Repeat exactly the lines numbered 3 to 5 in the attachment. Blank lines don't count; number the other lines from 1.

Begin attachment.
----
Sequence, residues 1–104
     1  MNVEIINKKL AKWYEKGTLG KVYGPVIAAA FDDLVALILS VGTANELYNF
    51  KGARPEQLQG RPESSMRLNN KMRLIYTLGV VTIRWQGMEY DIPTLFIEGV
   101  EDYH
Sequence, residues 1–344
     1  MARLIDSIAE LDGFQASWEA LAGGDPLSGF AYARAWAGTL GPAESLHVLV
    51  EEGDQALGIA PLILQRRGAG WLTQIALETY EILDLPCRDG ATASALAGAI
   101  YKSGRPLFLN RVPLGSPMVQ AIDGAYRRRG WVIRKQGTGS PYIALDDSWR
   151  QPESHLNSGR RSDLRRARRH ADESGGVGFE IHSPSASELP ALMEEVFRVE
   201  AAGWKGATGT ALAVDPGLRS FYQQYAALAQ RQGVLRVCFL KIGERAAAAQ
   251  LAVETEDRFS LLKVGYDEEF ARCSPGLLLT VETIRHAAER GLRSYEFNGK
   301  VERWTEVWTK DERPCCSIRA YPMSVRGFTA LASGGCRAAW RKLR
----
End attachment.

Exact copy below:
    51  KGARPEQLQG RPESSMRLNN KMRLIYTLGV VTIRWQGMEY DIPTLFIEGV
   101  EDYH
Sequence, residues 1–344